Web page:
DeJuliis faults Ehrlich votes with 'extreme' Republicans Criticism marks a change for 2nd District hopeful

August 06, 1996|By Larry Carson | Larry Carson,SUN STAFF

After refusing for months to criticize Republican Rep. Robert L. Ehrlich Jr., 2nd District Democratic challenger Connie Galiazzo DeJuliis has gone on the attack.

Twice in recent days she has criticized Ehrlich by name, pointing to his support of Medicare cuts and his vote against the minimum-wage increase -- a measure that passed by a 354-72 vote.

The freshman incumbent said he was surprised only that the attacks didn't start sooner.

"She has to go negative," Ehrlich said, contending that DeJuliis trails him badly.

DeJuliis, who formerly represented Dundalk in the House of Delegates, took her message yesterday to Bykota Senior Center in Towson, where she received a mixed reception.

As the elderly ate lunch or played bridge, DeJuliis said the Republican-led Congress has "betrayed" government commitments on health care by advocating cuts that "go too far too fast."

Medicare can be saved from bankruptcy, she said, merely by eliminating waste and fraud instead of cutting billions of dollars in benefits.

One lunch guest who refused to give his name pointed out that waste wasn't eliminated when Democrats controlled Congress, before the 1994 election.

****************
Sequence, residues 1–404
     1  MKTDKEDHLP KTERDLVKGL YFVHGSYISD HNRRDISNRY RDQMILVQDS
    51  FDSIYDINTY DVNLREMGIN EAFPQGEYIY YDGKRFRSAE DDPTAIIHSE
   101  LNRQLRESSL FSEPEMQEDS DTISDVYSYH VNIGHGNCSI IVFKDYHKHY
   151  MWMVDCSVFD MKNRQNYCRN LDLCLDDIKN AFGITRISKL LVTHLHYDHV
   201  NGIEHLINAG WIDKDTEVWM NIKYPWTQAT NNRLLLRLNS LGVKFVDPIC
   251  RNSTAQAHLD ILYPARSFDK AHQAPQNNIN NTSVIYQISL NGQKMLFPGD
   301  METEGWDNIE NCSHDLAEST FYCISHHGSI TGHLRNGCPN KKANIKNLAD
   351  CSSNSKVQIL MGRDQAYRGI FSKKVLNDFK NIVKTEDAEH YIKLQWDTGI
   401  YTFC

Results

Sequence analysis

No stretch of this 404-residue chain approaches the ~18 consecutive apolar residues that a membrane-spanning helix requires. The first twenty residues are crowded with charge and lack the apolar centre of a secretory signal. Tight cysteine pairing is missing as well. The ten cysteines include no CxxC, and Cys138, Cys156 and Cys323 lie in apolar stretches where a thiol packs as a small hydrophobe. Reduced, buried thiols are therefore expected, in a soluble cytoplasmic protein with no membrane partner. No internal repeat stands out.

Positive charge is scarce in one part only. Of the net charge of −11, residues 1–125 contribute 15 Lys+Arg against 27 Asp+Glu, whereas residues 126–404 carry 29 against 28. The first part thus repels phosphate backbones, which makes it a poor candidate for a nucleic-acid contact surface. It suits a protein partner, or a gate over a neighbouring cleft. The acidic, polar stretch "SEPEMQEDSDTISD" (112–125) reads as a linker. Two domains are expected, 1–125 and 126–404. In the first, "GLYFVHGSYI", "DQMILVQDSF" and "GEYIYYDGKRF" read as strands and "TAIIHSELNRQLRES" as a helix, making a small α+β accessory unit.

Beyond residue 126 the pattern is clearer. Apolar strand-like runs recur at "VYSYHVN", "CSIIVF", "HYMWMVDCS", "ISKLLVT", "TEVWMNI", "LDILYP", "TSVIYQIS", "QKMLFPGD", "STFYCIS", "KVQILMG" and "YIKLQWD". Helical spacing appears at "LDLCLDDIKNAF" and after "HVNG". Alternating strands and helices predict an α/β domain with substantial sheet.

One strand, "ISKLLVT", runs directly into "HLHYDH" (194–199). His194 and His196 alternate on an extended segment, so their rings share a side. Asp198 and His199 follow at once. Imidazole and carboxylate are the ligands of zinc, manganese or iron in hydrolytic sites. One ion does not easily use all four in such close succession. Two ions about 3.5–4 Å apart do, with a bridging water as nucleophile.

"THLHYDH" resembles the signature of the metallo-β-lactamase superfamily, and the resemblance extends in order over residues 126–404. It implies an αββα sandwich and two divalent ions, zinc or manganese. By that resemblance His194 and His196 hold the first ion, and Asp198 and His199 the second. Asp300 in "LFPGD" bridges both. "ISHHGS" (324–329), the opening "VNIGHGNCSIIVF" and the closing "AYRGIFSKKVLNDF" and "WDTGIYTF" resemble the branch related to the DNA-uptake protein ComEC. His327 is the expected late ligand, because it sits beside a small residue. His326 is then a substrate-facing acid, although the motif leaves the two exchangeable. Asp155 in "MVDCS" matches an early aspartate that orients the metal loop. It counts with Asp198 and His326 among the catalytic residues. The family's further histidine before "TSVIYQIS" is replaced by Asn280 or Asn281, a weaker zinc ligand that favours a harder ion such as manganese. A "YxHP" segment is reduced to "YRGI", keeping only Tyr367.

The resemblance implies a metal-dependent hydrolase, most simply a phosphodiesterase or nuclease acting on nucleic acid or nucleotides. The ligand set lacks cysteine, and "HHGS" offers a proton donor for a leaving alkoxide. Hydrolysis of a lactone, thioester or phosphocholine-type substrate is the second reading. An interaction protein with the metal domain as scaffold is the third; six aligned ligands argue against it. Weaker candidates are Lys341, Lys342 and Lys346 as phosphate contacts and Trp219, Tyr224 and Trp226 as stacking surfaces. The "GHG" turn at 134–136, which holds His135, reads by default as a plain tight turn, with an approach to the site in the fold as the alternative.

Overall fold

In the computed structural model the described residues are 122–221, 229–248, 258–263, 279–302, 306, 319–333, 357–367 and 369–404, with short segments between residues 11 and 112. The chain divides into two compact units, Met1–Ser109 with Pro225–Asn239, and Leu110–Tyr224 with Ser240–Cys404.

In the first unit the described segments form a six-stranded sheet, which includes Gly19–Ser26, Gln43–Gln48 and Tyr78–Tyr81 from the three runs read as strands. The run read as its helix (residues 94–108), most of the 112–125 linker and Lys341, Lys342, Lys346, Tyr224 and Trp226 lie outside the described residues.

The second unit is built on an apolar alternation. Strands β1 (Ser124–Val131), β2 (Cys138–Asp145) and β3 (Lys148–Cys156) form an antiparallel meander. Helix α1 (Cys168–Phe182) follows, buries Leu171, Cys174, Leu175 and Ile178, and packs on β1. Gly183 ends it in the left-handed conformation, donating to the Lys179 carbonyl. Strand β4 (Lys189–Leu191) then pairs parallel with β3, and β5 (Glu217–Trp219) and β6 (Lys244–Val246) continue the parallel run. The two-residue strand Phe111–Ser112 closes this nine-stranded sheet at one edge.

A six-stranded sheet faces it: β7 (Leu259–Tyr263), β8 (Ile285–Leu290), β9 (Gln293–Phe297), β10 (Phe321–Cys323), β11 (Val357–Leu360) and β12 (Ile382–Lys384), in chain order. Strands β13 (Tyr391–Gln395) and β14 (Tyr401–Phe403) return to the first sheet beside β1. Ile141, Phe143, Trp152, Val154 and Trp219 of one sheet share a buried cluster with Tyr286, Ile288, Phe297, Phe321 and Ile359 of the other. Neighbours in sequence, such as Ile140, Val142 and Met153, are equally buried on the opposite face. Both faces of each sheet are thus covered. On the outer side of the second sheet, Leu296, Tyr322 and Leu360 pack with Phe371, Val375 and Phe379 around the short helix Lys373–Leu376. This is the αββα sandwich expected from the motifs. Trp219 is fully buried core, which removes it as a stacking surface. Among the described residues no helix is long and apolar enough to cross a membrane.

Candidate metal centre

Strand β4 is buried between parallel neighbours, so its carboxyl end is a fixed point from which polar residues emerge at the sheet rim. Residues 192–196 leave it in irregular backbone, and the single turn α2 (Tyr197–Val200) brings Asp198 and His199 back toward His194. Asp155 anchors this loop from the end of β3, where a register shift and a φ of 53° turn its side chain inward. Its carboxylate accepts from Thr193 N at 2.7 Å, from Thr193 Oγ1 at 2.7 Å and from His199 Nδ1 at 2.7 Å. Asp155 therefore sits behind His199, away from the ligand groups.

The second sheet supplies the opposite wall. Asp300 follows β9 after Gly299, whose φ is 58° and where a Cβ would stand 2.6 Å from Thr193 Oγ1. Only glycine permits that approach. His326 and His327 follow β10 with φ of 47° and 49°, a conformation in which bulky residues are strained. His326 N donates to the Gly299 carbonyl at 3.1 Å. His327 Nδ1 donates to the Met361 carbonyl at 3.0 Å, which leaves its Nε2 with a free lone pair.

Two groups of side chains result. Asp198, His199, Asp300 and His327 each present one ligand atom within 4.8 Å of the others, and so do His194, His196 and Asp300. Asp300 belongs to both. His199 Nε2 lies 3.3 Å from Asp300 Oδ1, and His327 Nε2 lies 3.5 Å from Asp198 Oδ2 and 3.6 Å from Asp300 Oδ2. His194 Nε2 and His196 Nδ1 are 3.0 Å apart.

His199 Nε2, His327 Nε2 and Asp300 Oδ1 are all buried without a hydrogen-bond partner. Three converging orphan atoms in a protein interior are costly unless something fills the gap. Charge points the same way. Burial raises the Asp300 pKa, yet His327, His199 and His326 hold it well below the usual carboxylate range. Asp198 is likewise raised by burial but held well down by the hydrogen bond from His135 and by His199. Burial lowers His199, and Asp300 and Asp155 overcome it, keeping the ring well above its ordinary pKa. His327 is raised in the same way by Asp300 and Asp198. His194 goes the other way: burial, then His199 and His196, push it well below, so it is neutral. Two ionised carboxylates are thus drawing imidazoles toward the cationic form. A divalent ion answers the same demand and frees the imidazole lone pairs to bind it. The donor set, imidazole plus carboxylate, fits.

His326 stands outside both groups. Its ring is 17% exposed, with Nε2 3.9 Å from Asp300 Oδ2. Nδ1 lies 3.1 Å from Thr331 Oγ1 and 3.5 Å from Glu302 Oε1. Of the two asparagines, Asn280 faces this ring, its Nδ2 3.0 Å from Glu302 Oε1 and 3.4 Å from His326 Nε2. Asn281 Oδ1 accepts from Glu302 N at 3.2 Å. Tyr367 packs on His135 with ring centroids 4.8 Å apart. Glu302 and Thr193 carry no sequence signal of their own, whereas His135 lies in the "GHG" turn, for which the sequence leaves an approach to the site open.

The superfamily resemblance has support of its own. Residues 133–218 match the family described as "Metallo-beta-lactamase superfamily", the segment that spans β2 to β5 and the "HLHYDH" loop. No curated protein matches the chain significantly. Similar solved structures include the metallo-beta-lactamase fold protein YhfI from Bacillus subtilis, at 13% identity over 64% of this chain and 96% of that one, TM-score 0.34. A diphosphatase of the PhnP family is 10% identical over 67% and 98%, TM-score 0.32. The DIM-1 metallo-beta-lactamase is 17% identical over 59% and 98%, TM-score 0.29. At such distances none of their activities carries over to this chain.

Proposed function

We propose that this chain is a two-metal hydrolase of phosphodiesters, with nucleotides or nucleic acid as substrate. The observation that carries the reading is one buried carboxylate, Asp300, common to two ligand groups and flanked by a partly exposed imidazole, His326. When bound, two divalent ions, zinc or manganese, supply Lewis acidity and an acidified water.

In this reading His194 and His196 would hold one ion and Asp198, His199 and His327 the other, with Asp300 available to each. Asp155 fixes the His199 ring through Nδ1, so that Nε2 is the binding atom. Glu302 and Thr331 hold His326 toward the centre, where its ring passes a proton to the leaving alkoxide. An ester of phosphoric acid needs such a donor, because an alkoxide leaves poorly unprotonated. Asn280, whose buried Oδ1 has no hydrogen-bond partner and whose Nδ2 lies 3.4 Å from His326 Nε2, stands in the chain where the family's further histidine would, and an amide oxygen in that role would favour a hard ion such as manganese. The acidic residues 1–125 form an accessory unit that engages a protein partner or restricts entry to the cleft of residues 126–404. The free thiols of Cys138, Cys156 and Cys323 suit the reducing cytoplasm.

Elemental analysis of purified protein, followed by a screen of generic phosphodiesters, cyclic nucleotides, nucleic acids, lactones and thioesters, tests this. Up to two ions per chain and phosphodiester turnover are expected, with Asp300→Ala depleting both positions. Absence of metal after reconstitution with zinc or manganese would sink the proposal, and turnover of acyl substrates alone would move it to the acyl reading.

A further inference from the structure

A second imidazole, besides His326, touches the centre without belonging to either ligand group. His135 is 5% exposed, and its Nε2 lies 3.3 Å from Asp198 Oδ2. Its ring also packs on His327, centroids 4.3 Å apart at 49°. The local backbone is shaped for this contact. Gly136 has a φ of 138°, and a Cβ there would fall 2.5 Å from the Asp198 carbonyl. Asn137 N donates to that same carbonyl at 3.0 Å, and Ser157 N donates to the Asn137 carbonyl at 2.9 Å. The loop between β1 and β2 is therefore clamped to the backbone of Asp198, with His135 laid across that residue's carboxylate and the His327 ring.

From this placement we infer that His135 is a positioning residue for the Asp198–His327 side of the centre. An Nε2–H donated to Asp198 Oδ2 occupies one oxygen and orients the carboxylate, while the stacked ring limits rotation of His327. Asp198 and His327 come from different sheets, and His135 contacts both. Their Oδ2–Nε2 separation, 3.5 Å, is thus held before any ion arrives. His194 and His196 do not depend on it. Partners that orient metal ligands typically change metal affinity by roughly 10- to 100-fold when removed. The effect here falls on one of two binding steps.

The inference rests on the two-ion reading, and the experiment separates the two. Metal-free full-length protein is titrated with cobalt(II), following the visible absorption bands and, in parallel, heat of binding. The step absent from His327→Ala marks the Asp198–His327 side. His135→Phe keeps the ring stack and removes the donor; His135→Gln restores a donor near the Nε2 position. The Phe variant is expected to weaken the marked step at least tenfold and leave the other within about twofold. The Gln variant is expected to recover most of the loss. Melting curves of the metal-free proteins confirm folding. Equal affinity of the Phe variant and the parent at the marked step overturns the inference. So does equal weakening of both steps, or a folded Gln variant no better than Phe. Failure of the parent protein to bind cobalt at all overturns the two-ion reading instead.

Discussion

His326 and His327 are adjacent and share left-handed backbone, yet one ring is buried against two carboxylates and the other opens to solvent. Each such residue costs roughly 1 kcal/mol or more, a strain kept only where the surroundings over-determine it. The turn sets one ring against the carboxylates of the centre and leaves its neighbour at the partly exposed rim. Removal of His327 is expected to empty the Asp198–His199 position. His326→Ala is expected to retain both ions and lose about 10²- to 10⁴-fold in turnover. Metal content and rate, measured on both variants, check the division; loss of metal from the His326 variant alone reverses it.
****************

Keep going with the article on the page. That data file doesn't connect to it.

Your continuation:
Several others expressed support for DeJuliis, but a few people simply resented the distraction of speechmaking amplified by a sound system during the regular Monday afternoon card games.

"This is our time for playing bridge. This is our place," said an angry Charlotte Danaher, 89.

Said DeJuliis: "I'm here to tell Bob Ehrlich that you can't talk away from your record and you can't walk away from your record."

On Friday, DeJuliis issued a statement saying Ehrlich "voted with the most extreme faction of the Republican Party against an increase in the minimum wage, against tax credits for adopting a child, and against tax deductions for small business."

The harsh words are part of the DeJuliis campaign strategy, common in many congressional races this year,to portray freshman Republicans as extremists callous to the needs of the elderly and the working poor.

Support from both groups is vital to DeJuliis' effort to win the seat that has been held by the GOP since 1984.

Ehrlich defended his votes, saying he refused to bow to political expediency on the final minimum-wage bill vote.

"Raising the minimum wage costs the most marginal workers their jobs," he said, adding that small business backs that stand.

The minimum wage "was never meant to support a family," he added. "It's a way to break into the work force."

As for advocating cuts in Medicare, Ehrlich said, "Seniors are not stupid people." They know the system is going broke and that cuts are needed to save it, Ehrlich said.

"Even the Republican plan saves Medicare for only another decade."

Pub Date: 8/06/96

Baltimore Sun Articles
Please note the green-lined linked article text has been applied commercially without any involvement from our newsroom editors, reporters or any other editorial staff.